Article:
The point of controversy here is in how we attain equality most effectively. For Mendus, we start losing the discussion if we start by presuming that equality can be attained without acknowledging difference.
The point of democratic theory is not for all of us to be the same since if we were to achieve that we would strip ourselves of the rationale for a fair democracy (415). Mendus is thus in agreement with Mill’s sentiment for the ideal political future. Difference, for Mill, should not be disparaged considering that it is the most essential component of a well-ordered democracy. Many democratic theorists start with the principle of equality. Mill, on the other hand, starts with an acknowledgment that difference inevitably challenges the desire for equality (415).
Difference, for Mill, should not be disparaged considering that it is the most essential component of a well-ordered democracy.
I agree with Mendus in her focus on difference and emphasis on variety in culture and “criticism” in the democratic order, quoting E. M. Forster (415).
Despite this crucial note that variety is important in society, we should also acknowledge that American society has been structured around the freedom that males tend to have due to some of these biological differences (416).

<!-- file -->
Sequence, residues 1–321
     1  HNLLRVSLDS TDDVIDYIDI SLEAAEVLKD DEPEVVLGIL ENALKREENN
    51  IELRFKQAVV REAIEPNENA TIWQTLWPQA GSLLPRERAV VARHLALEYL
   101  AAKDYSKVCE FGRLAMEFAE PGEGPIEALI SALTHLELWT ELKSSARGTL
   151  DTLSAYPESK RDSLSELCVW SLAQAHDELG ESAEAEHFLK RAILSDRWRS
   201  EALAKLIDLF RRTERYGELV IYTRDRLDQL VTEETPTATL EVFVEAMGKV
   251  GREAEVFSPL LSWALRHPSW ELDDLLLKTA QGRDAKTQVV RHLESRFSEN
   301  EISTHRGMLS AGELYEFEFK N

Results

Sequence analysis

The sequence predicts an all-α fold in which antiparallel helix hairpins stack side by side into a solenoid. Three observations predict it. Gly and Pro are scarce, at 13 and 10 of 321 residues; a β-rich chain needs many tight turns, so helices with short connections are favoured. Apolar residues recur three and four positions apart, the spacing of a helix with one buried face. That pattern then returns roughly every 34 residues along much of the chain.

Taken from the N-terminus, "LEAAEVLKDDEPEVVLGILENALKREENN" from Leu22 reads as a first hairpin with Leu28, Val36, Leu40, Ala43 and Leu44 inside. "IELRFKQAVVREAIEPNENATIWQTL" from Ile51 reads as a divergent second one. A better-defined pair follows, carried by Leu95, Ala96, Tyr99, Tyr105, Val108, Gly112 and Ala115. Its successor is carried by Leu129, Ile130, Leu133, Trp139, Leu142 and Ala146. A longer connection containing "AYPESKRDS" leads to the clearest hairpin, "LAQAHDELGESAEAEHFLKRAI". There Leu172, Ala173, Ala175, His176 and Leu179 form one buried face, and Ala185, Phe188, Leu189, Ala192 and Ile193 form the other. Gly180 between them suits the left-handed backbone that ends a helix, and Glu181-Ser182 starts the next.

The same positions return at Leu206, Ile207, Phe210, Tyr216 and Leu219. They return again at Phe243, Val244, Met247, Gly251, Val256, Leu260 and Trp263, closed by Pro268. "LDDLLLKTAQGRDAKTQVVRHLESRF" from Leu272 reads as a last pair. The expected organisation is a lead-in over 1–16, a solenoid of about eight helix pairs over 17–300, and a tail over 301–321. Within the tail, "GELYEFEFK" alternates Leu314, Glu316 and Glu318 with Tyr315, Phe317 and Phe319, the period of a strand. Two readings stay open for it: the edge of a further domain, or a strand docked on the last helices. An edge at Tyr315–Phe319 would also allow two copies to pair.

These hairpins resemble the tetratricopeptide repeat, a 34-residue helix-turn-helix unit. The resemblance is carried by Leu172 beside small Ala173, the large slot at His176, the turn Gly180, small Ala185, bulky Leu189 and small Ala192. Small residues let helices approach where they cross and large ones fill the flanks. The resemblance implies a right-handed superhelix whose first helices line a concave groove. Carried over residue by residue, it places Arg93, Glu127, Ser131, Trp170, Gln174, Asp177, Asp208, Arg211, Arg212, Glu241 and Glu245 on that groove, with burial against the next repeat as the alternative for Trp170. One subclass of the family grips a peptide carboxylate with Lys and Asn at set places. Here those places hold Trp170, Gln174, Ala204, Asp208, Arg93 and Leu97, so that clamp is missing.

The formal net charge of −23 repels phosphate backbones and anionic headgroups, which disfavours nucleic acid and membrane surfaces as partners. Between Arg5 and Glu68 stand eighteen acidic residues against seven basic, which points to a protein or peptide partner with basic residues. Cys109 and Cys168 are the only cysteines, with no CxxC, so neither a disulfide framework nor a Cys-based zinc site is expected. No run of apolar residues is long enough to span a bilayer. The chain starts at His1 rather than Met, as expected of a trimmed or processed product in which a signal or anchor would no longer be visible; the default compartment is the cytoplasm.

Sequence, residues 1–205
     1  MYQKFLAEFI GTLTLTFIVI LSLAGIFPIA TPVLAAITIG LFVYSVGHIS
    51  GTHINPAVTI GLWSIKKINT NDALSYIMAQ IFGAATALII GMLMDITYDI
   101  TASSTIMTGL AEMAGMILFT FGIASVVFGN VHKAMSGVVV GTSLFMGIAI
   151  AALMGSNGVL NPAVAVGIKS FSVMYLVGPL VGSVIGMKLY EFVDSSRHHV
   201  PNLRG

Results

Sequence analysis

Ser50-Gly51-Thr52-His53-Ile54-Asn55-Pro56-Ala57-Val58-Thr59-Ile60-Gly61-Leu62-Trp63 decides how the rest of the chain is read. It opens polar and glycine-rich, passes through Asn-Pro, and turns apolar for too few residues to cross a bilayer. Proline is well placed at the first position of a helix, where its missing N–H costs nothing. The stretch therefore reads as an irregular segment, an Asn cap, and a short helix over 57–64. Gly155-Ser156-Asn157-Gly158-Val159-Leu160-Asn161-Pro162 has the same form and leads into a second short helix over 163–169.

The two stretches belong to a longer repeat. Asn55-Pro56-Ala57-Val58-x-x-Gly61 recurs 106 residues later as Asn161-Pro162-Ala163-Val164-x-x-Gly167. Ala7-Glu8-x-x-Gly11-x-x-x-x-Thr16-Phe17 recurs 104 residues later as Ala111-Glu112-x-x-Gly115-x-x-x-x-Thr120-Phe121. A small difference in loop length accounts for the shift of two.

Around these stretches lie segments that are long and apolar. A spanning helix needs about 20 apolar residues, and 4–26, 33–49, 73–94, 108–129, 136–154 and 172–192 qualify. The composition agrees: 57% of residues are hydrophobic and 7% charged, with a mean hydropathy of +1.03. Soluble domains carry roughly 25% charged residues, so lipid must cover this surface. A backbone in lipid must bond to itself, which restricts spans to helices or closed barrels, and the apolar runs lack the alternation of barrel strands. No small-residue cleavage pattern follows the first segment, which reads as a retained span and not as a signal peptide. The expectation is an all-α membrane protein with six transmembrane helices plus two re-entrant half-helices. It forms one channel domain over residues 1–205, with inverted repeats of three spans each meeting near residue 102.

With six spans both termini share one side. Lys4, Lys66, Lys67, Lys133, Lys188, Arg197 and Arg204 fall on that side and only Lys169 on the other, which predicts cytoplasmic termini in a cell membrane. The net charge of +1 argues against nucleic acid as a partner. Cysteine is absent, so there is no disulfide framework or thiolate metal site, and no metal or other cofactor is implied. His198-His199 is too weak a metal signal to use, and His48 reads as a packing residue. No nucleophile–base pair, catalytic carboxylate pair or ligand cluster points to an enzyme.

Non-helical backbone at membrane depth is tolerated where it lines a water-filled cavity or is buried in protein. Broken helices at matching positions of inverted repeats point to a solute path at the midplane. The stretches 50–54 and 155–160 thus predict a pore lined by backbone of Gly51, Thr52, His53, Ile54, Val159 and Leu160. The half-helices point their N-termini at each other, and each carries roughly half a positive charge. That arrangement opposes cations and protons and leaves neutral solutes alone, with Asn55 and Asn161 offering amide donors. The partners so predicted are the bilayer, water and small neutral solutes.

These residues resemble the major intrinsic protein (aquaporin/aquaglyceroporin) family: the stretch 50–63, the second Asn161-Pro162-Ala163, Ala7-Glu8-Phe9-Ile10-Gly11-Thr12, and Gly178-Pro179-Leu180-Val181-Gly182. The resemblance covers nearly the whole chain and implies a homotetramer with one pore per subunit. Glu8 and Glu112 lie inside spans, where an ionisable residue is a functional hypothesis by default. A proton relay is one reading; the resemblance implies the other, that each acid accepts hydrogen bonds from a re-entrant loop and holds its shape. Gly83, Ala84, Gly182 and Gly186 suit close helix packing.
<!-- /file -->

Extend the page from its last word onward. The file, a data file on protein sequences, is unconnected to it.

To use Mendus’ example, we should change Parliamentary hours to be more inclusive of the demands women have towards domestic responsibilities surrounding child-bearing. Clearly, if we do not warrant this important distinction between responsibilities, we are preventing certain positions that require equal representation from being represented equally.
Society is evidently built on the lives and values of men and not women (416).
My Contribution: Thoughts & Values
I would like to expand on Mendus’ claim that male values structure our society.
We currently find a productive and successful life alluring in society. We do this because of factors we had little to do with. Almost everyone thinks that gaining a financially rewarding wage is a commendable aspiration. What if this proclivity is due to our evolutionary origins in society where food and resources were scarce and achieving some level of comfort in them would promote the survival of our species? In other words, it is likely that we are persuaded by reasoning that we have not deliberately chosen and should thus reevaluate.
I will explain this with a thought experiment.